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Regional water approach is best, Hernando officials say

BROOKSVILLE — Strewn across Hernando County in developments big and small are tens of thousands of vacant lots where homes one day will be built. Each one will need, and expect, a ready supply of fresh water for cooking, drinking and irrigation.

But in the next 15 to 20 years, groundwater alone will not be able to meet demand, says Jack Sullivan, director of the Withlacoochee Regional Water Supply Authority. Some areas of Hernando County, such as Weeki Wachee, are already nearing that point, he notes.

The solution, Sullivan and others say, lies in taking a regional approach to the problem. Alternative water sources, such as a possible desalination plant in Citrus County, or using water from Lake Rousseau on the Citrus-Levy border, must be addressed.

Hernando County commissioners on Tuesday are scheduled to discuss the topic. Specifically, they will take up a proposal by Sullivan that the Water Authority move to the next level. That means a full-time agency, with him in charge.

For 25 years, Sullivan has led the authority as a contract director, but he recently told his board they need a permanent director, a staff and an office to focus on developing water sources. He suggested that funds for the office and staff could come from the Southwest Florida Water Management District, known as Swiftmud, and by tweaking other revenue sources.

Commissioner Rose Rocco, a Water Authority board member, supports the notion of regional water planning.

"We've got regional planning going into everything,'' she said, noting that community planning and transportation also are handled with a regional view of the bigger picture. "We don't want to have water wars. We want to find ways to work together.''

Now is the time, Rocco said, to bring on a staff "who can really steer the ship.''

Commissioner Dave Russell, also a member of the Water Authority board, is not convinced of the need for another full-time regional planning office.

"We have a significant number of redundancies here,'' he said. "We have Swiftmud, the basin boards and the regional planning council.'' Besides, he said, it's Swiftmud's job already to make sure water is available.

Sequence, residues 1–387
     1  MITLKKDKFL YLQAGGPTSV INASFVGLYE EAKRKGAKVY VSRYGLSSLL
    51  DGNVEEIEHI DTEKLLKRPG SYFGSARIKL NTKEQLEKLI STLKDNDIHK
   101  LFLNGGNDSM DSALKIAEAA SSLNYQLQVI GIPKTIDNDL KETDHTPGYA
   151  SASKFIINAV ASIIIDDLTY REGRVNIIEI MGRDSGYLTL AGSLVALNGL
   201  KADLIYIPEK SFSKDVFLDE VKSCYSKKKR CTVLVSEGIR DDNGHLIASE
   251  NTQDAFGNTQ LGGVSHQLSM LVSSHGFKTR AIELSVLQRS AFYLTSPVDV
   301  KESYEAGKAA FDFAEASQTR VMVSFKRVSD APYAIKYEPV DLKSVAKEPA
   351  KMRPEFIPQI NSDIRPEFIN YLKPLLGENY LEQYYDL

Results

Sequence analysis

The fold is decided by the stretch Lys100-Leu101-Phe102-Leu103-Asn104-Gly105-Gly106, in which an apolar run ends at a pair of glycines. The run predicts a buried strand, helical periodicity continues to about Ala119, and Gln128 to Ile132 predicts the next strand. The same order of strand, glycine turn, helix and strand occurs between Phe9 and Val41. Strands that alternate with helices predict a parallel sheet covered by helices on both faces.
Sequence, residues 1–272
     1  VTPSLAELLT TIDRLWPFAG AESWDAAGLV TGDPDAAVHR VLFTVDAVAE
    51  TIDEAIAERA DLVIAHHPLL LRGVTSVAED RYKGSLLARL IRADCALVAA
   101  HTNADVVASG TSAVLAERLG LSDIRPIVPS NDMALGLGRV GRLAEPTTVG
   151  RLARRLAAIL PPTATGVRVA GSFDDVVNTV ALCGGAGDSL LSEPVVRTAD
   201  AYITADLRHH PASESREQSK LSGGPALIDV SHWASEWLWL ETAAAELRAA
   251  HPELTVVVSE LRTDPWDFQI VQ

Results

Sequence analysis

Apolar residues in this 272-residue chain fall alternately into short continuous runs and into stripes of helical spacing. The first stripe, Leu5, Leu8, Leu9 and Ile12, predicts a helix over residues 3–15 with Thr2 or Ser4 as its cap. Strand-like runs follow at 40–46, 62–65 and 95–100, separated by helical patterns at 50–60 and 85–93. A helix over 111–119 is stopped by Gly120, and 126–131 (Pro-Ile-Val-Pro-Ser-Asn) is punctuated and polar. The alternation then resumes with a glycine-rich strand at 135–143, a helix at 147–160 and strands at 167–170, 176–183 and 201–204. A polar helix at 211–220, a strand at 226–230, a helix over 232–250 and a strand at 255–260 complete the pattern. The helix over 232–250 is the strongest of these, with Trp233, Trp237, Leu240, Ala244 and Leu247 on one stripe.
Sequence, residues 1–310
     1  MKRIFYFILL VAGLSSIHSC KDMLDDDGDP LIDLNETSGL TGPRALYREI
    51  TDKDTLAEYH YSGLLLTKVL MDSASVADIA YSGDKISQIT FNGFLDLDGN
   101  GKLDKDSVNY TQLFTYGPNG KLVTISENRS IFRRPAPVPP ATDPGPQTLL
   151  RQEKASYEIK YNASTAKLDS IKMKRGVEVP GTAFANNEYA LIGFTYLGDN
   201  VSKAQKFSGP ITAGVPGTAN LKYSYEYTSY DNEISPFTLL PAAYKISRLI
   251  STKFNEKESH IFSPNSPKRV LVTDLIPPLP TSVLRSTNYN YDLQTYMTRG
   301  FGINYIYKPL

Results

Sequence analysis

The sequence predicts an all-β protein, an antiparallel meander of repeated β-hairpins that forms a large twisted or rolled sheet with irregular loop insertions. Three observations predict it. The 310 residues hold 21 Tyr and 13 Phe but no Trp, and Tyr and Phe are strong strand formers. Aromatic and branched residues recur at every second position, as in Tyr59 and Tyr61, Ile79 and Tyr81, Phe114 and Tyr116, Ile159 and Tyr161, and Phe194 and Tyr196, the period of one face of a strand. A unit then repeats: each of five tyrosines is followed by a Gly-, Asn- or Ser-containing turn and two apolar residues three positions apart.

The Water Authority, which meets Wednesday to further discuss Sullivan's proposal, includes Hernando, Citrus and Sumter counties as well as the city of Ocala. Marion County is considering entering back into the authority.

With so many governments involved that are looking out for their own interests, Russell doubts whether a regional approach will work.

"How many times have we heard from a county, 'You're going to have to go over my cold, dead body' to take my water,'' he said. "It's going to come down to water and turf."

But Sullivan argues that by strengthening the authority, the resources will be better protected. "We'll be in a much better stance for warding off folks wanting to come in here'' to take the region's water, he said.

A regional plan will signal to those communities longing for the region's water resources, "we may not need it today but we'll need it five years from now, 10 years from now,'' he said.

When Citrus County commissioners discussed Sullivan's proposal last week, they also had questions but they were interested, too.

"The authority needs a face and it needs a permanent, centrally located home,'' said Citrus County Commissioner Dennis Damato.

Finding money to develop alternative water sources was a big part of the discussion. "It's become abundantly clear in the last three or four years that (state) money was not going to local governments'' for water projects, said Citrus County Commissioner Gary Bartell.

Bartell said he supports the concept of strengthening the water authority but he does worry about some of the details.

He is not as sure as Sullivan that Citrus has water resources to share. Bartell said that once the process of setting minimum flows and levels on area waterways is done, he believes the county will find "we don't have as much water as has been portrayed in the past.

"Everyone is trying to protect their water,'' said Citrus County Commission Chairwoman Joyce Valentino.

"I'd have no problem helping a sister county with water supply if they aren't taking advantage of the situation and just developing, liking the tax dollars, knowing they did not have water and going to another county to get it,'' Valentino said.

Citrus Commissioner Vicki Phillips agreed that a true regional authority was a good idea. But she warned that fast-growing Sumter County is part of this region. In a regional water authority, she said, "Everybody is going to be competing.''

Barbara Behrendt can be reached at [email protected] or (352) 848-1434.

Regional water approach is best, Hernando officials say 03/14/08 [Last modified: Monday, March 17, 2008 1:51pm]
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